Friday, April 27, 2012

UPDATE: Dickey's Barbecue Pit to open

Posted By on Fri, Apr 27, 2012 at 1:41 PM

Following up on our original story from February, it seems the Rusnaks have found a spot and will open at 1466 Garden of the Gods Road, #160, near Trinity Brewing Company, sometime in July.

"Everyone is excited to hear a new barbecue restaurant is coming to town," says Bob in a release. "Many people here have lived in Texas and are familiar with Dickey's. They are extremely happy that we are coming to Colorado Springs."

——— ORIGINAL POST: Feb. 8, 12:11 P.M. ———


A press release reveals the sticky news that soon Dickey's Barbecue Pit will open a Colorado Springs location. We've e-mailed the company, which seems similar to Rudy's Country Store and Bar-B-Q, for the where and when, and will update when we hear back.

In the meantime, what we do know: The restaurant will be run by Robert and Barbara Rusnak, who are, according to the release, "excited to become a part of this community and really get involved in the schools and local organizations."

The Dallas-based chain, which started in 1941, sports over 200 locations in 36 states and is apparently "well-known for their hot pit-smoked signature meats, complimentary ice cream and the big yellow cups."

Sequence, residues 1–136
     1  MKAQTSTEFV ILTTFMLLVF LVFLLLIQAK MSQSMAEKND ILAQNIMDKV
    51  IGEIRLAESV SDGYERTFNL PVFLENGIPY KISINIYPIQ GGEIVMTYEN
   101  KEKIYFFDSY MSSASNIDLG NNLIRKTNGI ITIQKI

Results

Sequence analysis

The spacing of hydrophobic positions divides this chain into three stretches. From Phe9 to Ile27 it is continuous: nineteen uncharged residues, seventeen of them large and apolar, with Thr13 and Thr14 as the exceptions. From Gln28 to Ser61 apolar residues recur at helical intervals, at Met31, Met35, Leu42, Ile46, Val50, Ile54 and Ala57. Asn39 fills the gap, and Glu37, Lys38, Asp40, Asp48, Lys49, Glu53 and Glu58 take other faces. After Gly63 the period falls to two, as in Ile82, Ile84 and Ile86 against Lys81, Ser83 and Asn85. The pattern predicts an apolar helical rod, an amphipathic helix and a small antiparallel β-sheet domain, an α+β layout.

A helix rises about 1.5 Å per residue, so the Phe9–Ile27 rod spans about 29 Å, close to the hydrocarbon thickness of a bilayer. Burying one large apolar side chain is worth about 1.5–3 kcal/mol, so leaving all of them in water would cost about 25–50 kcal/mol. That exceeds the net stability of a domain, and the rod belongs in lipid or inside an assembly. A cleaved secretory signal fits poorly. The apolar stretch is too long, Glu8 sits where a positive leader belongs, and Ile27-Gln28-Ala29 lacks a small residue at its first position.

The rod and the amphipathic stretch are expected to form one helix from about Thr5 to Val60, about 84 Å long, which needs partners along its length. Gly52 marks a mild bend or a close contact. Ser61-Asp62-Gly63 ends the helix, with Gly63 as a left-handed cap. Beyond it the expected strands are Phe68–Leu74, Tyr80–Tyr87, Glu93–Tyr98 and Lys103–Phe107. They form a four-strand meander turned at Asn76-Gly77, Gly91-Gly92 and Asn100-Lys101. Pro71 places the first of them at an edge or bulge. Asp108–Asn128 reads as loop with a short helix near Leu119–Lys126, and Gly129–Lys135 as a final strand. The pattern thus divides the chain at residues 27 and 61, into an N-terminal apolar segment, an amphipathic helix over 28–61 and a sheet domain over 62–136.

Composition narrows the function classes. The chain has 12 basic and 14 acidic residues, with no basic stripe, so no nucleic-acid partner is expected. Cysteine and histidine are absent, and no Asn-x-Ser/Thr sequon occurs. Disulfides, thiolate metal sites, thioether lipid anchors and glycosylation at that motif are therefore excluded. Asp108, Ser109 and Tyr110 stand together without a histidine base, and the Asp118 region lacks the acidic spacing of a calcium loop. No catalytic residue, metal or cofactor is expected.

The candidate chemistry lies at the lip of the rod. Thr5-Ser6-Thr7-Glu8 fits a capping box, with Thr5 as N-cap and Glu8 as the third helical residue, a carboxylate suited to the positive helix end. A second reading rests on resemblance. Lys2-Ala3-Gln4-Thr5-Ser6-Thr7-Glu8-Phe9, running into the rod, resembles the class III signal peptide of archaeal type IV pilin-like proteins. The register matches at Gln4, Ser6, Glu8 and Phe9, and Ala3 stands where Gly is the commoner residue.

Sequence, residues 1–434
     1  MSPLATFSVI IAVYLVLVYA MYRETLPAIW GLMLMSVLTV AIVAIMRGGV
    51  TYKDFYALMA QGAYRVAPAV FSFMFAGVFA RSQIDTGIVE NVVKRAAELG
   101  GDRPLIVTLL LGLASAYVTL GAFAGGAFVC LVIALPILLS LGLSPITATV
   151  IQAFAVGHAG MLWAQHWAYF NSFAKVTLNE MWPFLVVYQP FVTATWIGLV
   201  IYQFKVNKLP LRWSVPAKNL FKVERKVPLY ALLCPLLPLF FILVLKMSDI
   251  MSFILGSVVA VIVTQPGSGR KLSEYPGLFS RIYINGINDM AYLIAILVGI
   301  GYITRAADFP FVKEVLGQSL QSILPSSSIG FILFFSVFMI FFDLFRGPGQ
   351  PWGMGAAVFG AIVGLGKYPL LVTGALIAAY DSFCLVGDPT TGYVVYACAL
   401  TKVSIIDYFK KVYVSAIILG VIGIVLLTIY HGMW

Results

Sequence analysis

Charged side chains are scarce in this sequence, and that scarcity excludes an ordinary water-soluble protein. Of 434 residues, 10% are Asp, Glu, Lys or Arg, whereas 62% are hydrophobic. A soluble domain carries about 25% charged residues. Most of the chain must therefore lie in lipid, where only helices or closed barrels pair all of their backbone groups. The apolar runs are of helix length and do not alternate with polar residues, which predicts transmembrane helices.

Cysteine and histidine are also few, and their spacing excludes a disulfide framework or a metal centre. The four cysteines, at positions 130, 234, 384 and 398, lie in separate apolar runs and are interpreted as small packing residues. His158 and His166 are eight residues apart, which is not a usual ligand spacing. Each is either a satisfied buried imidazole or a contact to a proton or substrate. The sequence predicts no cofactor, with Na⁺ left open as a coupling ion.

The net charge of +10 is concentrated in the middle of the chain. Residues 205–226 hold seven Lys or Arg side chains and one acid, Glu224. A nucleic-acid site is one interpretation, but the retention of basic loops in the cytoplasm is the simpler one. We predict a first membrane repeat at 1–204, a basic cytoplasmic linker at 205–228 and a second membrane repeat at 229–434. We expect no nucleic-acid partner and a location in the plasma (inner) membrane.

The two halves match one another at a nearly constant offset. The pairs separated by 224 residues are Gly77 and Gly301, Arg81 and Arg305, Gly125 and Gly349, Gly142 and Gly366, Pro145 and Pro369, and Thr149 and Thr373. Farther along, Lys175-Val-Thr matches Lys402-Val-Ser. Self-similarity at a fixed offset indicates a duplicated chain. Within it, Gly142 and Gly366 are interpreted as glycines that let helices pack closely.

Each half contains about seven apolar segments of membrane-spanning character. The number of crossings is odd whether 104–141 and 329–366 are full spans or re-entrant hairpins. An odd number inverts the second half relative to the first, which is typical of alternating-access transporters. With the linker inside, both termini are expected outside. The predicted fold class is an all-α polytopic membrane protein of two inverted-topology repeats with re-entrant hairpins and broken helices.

"But, we are growing, and growing fast!" says a statement on the company's website. "Dickey’s only began franchising in 1994 and today, we are the largest quick serve chain in the country with locations coast to coast!"

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Wednesday, February 29, 2012

Bader on the postal closure

Posted By on Wed, Feb 29, 2012 at 5:16 PM


Chuck Bader, treasurer of the local postal workers union APWU-CSAL #247 and vice-president of Colorado AFL-CIO, sent out this press release on the closure of the Springs-based processing center for the United States Postal Service.

In it, Bader, a longtime employee of the Postal Service, argues that the closure — one of hundreds — will "have a devastating impact on millions of individual citizens who rely on the mail to connect them to their communities and the nation at large. Nearly 40 percent of Americans don’t have broadband Internet access, and 28 percent of Americans have no Internet access at all. Approximately 55 percent of consumers still receive hard-copy bills and statements."

The USPS, he says, is at the "heart of a $1 trillion private-sector industry that employs 9 million people and generates more than $65 billion worth of mail annually."

And, as he has argued all along, the fiscal crisis within the USPS is not solely of its doing. Nor, he says, is it just a sign of the times, but due mostly to a misguided policy thrust upon it by Congress.

Although first-class mail has declined over the past four years, online bill payment and other forms of electronic communication are only part of the problem.